WhatsApp at 1 billion: How can journalists use the chat app for newsgathering?
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WhatsApp at 1 billion: How can journalists use the chat app for newsgathering?

With one in seven people around the world using the Facebook-owned messaging app, what opportunities does it present for reporters in terms of finding stories, as well as distributing them?

As of early February, WhatsApp is in the pockets of over one billion people worldwide – one in seven of every man, woman and child on the planet.

The messaging app’s potential as a broadcast platform was quickly seized upon by news organisations eager to tap into the user base, whether to deliver top stories and traffic news to readers on their commutegive an audience updates to an ongoing story, or act as a platform for public service announcements in times of national crisis.

But relatively little attention has been paid to how WhatsApp could be used in newsgathering, beyond publishing a contact number and inviting audiences to submit tips. Surely, with so many people using the app, the opportunities to find sources and stories should be overflowing?

Last December, BuzzFeed News reporter Rossalyn Warren published an article about a 19-year-old Syrian refugee on his journey to Greece.

“It had been six days since I last heard from Abdul,” Warren wrote. She knew he had been planning a trip across the Aegean Sea, and the lack of contact was ominous. “He usually responded swiftly to my messages on WhatsApp, but this time, I could tell by the grey double tick next to my messages that my latest ones had been delivered, but not been read. The ticks had not turned blue.”

When Abdul eventually responded, he told how the boat he boarded for his journey had sunk to the sea floor. He managed to swim back to shore but, like so many others, a number of his fellow passengers were not so lucky.

Warren first met Abdul on Facebook in September. Many refugees use Facebook groups to make contacts and share information about their journey, so she posted to a group on the off chance someone would be willing to talk about their journey. Abdul had just arrived in Turkey and, after swapping phone numbers, the pair struck up a conversation on WhatsApp.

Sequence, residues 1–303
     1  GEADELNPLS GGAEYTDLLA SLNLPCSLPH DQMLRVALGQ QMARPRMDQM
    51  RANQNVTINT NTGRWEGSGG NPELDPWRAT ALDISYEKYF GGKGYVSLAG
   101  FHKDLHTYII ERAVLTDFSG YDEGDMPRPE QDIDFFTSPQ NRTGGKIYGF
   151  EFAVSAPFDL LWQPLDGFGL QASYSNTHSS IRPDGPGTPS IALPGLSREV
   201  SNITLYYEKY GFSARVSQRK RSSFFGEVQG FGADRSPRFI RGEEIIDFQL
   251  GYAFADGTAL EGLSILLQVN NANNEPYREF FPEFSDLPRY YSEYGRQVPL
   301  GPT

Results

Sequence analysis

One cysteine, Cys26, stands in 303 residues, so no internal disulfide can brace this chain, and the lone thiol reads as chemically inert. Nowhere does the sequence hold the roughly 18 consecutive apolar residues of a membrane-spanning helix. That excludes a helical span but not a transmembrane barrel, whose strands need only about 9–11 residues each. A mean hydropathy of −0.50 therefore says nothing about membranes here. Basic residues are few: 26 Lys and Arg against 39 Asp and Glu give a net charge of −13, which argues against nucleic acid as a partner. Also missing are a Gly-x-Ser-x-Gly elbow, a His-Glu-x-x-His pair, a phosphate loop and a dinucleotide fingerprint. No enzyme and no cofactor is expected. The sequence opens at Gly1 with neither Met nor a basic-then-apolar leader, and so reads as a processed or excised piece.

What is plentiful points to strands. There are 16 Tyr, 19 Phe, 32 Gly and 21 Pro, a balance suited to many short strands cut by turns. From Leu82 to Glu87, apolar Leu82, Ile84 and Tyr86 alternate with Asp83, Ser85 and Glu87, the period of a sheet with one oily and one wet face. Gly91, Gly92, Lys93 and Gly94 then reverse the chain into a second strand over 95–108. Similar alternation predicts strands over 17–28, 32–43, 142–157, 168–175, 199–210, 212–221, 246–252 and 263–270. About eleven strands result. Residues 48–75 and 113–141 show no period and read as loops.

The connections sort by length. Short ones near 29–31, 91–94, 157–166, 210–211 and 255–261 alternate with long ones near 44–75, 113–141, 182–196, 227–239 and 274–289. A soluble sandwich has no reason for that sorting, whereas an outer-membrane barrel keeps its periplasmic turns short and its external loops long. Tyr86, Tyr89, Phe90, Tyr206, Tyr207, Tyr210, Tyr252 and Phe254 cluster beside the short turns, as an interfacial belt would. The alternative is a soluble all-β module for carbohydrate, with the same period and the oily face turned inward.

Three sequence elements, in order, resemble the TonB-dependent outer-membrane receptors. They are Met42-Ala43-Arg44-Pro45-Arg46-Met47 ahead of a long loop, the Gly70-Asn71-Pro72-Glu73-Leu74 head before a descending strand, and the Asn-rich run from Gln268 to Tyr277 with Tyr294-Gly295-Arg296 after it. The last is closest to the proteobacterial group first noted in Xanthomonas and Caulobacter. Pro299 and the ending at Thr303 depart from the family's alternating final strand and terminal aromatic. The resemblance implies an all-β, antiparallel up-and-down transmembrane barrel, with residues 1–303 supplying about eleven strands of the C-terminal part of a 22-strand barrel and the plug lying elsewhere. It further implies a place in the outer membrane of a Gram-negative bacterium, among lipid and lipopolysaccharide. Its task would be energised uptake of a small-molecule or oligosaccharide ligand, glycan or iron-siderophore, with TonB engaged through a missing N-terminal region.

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Abdul shared pictures and location information during their conversations on WhatsApp. Image courtesy: Rossalyn Warren/BuzzFeed

“I didn’t set out to do this as a story,” Warren told First Draft News. “I was hoping to build up a connection and maybe, if I went back out on the ground, I could meet him and follow him. But because there wasn’t that pressure to do the story it ended up falling into place.

“[WhatsApp] does still serve the same role that email and calls have but the difference there is you have to try to jam everything into a 20 or 30 minute chat, if that. People on the move just aren’t going to have that time.”

Like any reporter, Warren was paranoid about being taken for a ride but said some of WhatsApp’s faculties helped in verifying Abdul’s claims about who and where he was. Sending pictures of his passport, family, surroundings which, paired with WhatsApp’s GPS option to share his location, quelled Warren’s fears. And, when shared within the app, it is a far easier option than attaching images to email, she said.

“Refugees don’t have the time to sit there and do that,” Warren continued. “But if he has his phone and is trying to stay in touch with people on the move it’s a very easy tool to use. Before he got on the boat he showed me a bunch of videos of him before he boarded.”

Compared to the very public and limited options for speaking to sources on social networks like Facebook or Twitter, WhatsApp helped Warren build a rapport, albeit over the course of weeks, in a way she says would have been impossible otherwise.

“If they’re on the move, or in the middle of a crisis situation, they’re not going to sit there and say to journalists ‘yeah, sure, let me tell you about my story’,” she said.

“But if journalists manage to make connections to people using things like WhatsApp, where they’re actually using these tools on a personal level with a lot of people, it helps break down that barrier between a reporter and the subject of a story. It makes it easier for them to just talk and tell more personal things than they would over Twitter.”

Where WhatsApp has limitations, however, is in finding sources or stories in the first place.

At social newswire Storyful, global news editor David Clinch and news editor Joe Galvin have been researching and refining their use of WhatsApp for newsgathering over the last two years. While stories like Warren’s are the “bright lights” of when using the app goes well, said Clinch, they are “an illusion in the sense of it being a consistently useful newsgathering platform.”